Cheap Mobile and Data Roaming
Use your phone abroad for less, incl roam free trick
Whether you want to be a global jet-setter when we can travel freely again, or just take the odd trip abroad, this guide will show how to use your phone as cheaply as possible – and how to avoid racking up a huge bill.
Providers still won't charge you extra to roam in the EU
Mobile phone firms were banned from charging you extra fees to use your UK allowance of minutes, texts or data (subject to caps) when in the European Union.
These rules no longer apply as the Brexit transition period has ended, but we spoke to 10 of the biggest providers in May 2021 and they told us they've no plans to reintroduce charges. See Travelling within Europe? below for more.
Quick tips to use your mobile abroad for less
The easiest way to avoid charges while abroad is simply to turn roaming off. While all of the providers we spoke to told us you can still use your normal allowance within the European Union (EU), some have caps on the amount of data you can use before being charged. Plus, if you're outside of your limit or travelling outside of the EU, costs can be eye-watering.
Our phones will usually try to connect automatically to the nearest signal and this can be particularly dangerous if you have automatic updates on, for example, leaving you racking up a huge bill without you even realising.
The best bet is to use Wi-Fi wherever possible, which you can usually find for free in most hotels, restaurants and bars. Yet it doesn't just offer a cheap way of browsing the web – you can use it for calls, too.
If you've got a smartphone and free internet access, download an 'internet-to-phone' calling app such as Skype, WhatsApp or Facebook Messenger before you go, or use Apple's FaceTime. Providing the person you're calling also has the service, you'll simply need to find a free Wi-Fi spot to call for free.
Although finding free Wi-Fi while away is handy for browsing, you probably don't want to start downloading hefty files such as music or films. Instead, get your phone travel-ready by saving your favourite tunes, movies, must-have apps and boarding passes BEFORE you go.
Download maps on Wi-Fi before you go
Google Maps, available on iOS and Android, allows you to store maps for offline use. Since data isn't required for the GPS function on a smartphone, this means you can navigate around the place you're visiting without paying roaming charges.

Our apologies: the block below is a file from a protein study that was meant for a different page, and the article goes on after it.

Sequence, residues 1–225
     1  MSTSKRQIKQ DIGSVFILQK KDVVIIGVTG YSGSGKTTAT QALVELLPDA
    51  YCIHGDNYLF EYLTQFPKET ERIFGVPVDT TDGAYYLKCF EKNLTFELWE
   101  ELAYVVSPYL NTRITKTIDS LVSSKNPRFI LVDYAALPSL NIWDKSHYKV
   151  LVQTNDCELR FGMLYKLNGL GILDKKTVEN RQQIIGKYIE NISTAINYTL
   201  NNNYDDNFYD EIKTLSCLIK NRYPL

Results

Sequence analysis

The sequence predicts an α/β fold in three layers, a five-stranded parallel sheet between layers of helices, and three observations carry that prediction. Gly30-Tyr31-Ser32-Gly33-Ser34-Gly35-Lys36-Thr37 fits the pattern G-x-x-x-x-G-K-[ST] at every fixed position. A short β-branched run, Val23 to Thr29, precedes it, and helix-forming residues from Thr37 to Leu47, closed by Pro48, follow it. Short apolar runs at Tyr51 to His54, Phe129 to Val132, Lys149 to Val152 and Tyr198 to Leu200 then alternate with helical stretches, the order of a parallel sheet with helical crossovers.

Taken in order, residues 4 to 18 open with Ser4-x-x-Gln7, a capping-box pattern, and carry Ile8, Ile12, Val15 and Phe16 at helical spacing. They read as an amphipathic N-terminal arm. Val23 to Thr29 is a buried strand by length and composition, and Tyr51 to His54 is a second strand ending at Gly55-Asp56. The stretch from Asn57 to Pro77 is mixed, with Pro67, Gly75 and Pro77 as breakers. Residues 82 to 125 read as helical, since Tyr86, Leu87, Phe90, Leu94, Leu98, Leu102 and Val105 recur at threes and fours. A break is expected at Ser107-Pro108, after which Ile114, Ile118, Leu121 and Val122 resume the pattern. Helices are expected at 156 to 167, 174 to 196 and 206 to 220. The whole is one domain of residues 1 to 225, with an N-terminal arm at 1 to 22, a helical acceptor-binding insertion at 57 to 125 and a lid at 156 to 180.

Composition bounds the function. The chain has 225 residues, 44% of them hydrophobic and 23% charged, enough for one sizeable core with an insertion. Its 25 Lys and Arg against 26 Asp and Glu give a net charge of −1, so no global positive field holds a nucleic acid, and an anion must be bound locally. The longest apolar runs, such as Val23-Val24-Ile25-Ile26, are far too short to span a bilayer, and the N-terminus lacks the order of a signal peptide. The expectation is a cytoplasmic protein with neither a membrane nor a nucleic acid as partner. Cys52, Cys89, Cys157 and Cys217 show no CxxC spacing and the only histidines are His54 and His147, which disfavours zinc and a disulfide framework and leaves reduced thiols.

When you're connected to Wi-Fi, open the app and search the area you want to save. Once it's on screen, click on the bar that has the place name you search for and then select the menu button in the top right hand corner. To save it, select 'Save Offline Map'. For more, see Google help. Many travel apps work this way and some, such as Time Out's app, include reviews.
Alternatively, you can also take screenshots or normal photographs of maps to store on your device.
Travelling within Europe? From 1 January 2021, free mobile roaming in the EU is no longer guaranteed. However, all the networks we spoke to confirmed you can still use your UK allowance of minutes, texts and data without paying any extra charges if you are in one of the 30 countries outside the UK, such as France, Italy and Spain (though some providers have a cap on the amount of data you can use). Some operators also cover countries outside this, so it's always best to check with your network for its full list to be sure – and check any terms carefully.
Going further afield? It is much easier to ramp up costs while outside Europe as you can be charged just for receiving calls and texts. A Sim with Three offers more chance that your destination is covered, though, as customers on its 'Advanced' or pay-as-you-go plans can use their allowance in 71 countries around the world, including Australia, Singapore and the United States.